The Scoop on Vitamins: Vitamin B1 – Thiamine

This is part of our continuing series on the function of vitamins in the body.

The family of B vitamins is collectively called the B Complex. B Vitamins are used in many ways, from helping the liver clear toxins and excess hormones to creating energy within our cells. Every system in your body requires B vitamins to function.

B1, also called thiamine, is a unique nutrient that plays an integral role in the brain and central nervous system. B1’s coenzyme form is important for the synthesis of acetylcholine, which is critical in preventing memory loss and nerve inflammation. B1 is also important for the repair and prevention of any impairment of nerve function.

Another of B1’s major contributions to the body is the dynamic way it facilitates proper digestion:

B1 assists in the production of hydrochloric acid (stomach acid), which is vital to the proper breakdown and assimilation of food.
B1 helps maintain muscle tone in the intestines and stomach, prevents constipation and plays a role in the metabolism of carbohydrates.
B1 provides nourishment for all digestive organs, helps us to get maximum nutrition from our food and regulates appetite.

Symptoms of B1 deficiency include loss of reflexes, peripheral paralysis or numbness in the extremities. These symptoms have engendered theories that B1 deficiency may be a player in diseases such as Multiple Sclerosis and Restless Leg Syndrome.

B1 deficiency often stems from high amounts of exercise or a diet that’s high in carbohydrates or alcohol. An optimal amount of B1 for an active adult is between 1.2-1.5 mg daily. Dietary sources include pork, nuts, beans, peas, brown rice, egg yolks, asparagus, broccoli and raisins. It’s important to note, however, that B1 is often lost during food preparations in which the cooking water is discarded. A simple way to maintain the B1 content is to try soups and stews that combine some of the above ingredients—it’s a delicious way to enjoy the flavor and nutrients our bodies need.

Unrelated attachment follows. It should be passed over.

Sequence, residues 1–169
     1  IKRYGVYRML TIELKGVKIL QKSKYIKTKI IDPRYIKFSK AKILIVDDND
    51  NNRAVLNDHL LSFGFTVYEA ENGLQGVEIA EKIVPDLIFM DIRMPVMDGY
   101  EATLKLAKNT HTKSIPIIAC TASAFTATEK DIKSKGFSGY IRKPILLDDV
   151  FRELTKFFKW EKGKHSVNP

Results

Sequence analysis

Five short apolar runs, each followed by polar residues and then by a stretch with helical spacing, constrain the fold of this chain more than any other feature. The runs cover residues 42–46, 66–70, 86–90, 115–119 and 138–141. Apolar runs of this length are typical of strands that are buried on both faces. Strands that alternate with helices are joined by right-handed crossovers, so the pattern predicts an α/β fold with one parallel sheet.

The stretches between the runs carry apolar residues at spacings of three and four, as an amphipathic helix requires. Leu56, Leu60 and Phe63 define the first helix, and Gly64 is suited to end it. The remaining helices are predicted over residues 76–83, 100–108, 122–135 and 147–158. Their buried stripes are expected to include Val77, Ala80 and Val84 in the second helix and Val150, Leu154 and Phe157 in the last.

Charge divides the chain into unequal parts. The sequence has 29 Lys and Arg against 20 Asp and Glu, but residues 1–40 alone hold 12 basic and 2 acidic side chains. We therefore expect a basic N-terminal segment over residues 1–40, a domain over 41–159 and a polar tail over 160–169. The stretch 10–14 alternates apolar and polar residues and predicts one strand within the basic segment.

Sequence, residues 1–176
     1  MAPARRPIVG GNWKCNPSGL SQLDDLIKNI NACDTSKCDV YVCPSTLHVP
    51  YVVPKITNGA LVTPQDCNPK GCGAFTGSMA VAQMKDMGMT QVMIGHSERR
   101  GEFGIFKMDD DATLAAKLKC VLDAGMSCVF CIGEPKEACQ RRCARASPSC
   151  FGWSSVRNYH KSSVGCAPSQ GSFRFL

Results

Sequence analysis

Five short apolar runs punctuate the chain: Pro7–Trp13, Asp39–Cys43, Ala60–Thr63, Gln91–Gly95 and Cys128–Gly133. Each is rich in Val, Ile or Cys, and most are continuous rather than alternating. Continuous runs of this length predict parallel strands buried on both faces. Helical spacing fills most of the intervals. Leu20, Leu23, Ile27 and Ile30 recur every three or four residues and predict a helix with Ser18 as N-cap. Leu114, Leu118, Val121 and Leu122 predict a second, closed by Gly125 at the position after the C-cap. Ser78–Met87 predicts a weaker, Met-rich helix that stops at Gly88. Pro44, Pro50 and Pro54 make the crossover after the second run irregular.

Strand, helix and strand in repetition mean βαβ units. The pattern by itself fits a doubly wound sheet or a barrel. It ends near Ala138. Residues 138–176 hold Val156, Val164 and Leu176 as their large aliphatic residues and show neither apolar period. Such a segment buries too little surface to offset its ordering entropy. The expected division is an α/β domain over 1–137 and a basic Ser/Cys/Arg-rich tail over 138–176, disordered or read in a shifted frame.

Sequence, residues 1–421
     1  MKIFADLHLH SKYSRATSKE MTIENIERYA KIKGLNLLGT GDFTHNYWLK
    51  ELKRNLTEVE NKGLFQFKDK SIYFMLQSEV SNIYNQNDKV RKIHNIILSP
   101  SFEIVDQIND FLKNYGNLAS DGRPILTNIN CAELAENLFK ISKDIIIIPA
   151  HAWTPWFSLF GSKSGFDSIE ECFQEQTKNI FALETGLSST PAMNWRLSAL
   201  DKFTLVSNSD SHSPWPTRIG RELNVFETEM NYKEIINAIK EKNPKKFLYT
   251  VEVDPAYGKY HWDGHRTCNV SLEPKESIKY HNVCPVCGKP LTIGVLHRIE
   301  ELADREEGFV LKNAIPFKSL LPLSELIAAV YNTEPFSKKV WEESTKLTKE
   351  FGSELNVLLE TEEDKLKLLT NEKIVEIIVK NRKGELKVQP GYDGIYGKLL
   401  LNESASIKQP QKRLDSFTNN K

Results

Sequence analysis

Supplementation is also an excellent way to support your body’s thiamine needs. Try taking a quality B-complex supplement and a food-based multivitamin every day to ensure your daily B1 needs are met.

Sources
The Nutrition Desk Reference, by Robert Garrison and Elizabeth Somer

Elizabeth Willis is a Certified Clinical Nutritionist and Herbalist. She has a private practice in Boulder, Colo., and also works at Pharmaca’s downtown Boulder location. Elizabeth specializes in a holistic approach by connecting her clients with the more dynamic roles of food and nutrition. She believes that by eliminating food intolerances, building optimal nutrition and working directly with the emotional body, it is possible to greatly revive one’s health by reconnecting body with spirit.